• The new tools, methods and different techniques becoming increasingly available to us, can certainly help us to explain complexity to reduce the perceived difficulties of adopting new practices. The whole gambit of gaming, the canvas techniques, visual mapping, design thinking all help considerably here. Any argument, discussion or position needs to simplify complexity as the one listening quickly ‘tunes out’ if we load the conversation with “too much detail” or jargon.
  • We then can offer new ways for trialability to experiment in safe and limited risk ways. Lay out a clear path of experimentation and result milestones to manage expectancies and gain increasing support commitment. Steve Blank’s contention of “getting out of the building” and his customer development process offers one of many ways to learn, pivot and progress in bite-sized steps.
  • Finally, we can provide observability, so others can see the results we can make progress. By keeping this open, it can be clearly challenged and blocked in many ways but openness and transparency does eventually reduce resistance. If we can clarify change and our progress in learning we give others understanding. It is when we fail to communicate what they need to hear, we are more likely to be blocked or our project cancelled. We need to ‘demonstrate’ progress and show its value.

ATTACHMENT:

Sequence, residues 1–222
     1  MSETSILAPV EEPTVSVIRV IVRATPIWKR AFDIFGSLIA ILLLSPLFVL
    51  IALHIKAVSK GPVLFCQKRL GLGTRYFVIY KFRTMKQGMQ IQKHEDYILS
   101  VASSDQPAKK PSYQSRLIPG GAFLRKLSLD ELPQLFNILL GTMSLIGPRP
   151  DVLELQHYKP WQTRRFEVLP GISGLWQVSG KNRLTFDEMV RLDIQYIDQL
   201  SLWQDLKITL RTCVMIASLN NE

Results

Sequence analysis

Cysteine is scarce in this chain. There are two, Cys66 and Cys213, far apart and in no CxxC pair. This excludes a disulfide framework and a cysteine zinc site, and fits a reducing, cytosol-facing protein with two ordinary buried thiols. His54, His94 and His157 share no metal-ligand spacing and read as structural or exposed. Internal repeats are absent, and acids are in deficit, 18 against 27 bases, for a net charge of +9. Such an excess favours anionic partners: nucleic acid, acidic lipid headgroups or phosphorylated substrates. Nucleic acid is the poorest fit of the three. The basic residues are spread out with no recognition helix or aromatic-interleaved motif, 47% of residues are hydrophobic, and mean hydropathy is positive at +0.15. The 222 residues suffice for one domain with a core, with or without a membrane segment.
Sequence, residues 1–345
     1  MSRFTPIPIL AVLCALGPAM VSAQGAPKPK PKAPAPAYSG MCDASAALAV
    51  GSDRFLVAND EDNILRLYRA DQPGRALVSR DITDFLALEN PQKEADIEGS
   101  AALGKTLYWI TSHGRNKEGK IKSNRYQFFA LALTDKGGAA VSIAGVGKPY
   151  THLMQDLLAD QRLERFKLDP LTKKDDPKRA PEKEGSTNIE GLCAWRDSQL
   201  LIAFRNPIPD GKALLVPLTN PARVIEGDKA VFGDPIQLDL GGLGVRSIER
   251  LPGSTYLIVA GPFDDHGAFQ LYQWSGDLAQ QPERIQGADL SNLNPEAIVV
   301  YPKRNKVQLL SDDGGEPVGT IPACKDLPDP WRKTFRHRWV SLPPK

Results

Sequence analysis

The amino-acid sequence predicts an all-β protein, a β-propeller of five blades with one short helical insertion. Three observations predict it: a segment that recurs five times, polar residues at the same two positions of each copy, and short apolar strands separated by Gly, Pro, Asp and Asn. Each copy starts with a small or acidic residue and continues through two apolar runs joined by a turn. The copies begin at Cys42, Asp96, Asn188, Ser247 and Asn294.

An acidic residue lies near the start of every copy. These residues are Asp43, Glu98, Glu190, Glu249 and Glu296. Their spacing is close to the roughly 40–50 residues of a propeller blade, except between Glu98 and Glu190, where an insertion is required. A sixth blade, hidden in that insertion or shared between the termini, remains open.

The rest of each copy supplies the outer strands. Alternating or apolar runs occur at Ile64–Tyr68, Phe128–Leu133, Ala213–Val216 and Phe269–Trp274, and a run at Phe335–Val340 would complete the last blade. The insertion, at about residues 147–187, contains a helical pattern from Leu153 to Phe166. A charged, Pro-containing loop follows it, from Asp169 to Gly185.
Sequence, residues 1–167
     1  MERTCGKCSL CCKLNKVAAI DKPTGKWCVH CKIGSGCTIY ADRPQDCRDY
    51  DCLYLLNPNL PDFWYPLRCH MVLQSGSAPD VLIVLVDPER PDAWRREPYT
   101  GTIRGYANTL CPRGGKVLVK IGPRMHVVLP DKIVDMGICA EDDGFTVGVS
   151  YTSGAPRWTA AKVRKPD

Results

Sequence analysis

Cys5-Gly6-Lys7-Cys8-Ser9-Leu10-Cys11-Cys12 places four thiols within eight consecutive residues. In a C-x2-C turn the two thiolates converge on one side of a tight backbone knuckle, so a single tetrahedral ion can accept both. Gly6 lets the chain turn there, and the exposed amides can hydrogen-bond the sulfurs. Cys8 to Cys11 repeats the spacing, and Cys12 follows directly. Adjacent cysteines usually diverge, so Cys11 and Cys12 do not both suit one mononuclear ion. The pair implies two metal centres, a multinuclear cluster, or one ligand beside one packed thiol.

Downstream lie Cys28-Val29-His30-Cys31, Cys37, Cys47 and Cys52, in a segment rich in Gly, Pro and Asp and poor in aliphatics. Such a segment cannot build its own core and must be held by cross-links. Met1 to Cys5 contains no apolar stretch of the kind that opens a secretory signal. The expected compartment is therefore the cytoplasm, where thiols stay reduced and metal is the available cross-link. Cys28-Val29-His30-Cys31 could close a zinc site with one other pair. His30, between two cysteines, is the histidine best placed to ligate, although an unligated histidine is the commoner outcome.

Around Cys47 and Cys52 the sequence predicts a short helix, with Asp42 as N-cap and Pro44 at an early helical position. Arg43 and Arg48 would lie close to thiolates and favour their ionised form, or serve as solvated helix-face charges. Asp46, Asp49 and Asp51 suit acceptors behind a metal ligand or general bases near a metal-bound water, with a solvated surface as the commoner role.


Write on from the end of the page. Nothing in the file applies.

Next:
Everett Rogers five steps might offer up a possible pathway to unlock much within innovation and reduce our different personal biases that can trap our ideas to not allow them to be seen in their real value to move forward, and be supported by others, as they gain their essential engagement and buy-in.

What do you think? It’s worth a try to build your own engagement stories around the five principles suggested. Give it a trial the next time you want to bring others onto your side and look to construct a mutual engagement.

There are two distinct parts to any Innovation Funnel

I wrote in an earlier blog called “the new extended innovation funnel” (http://bit.ly/hQTEJz) my reasoning for thinking differently from our traditional view of how the innovation funnel should look like. I feel it should look more like this.

Extended Innovation Funnel – are we really listening?

The ‘classic’ innovation funnel talked about is wrong for todays job!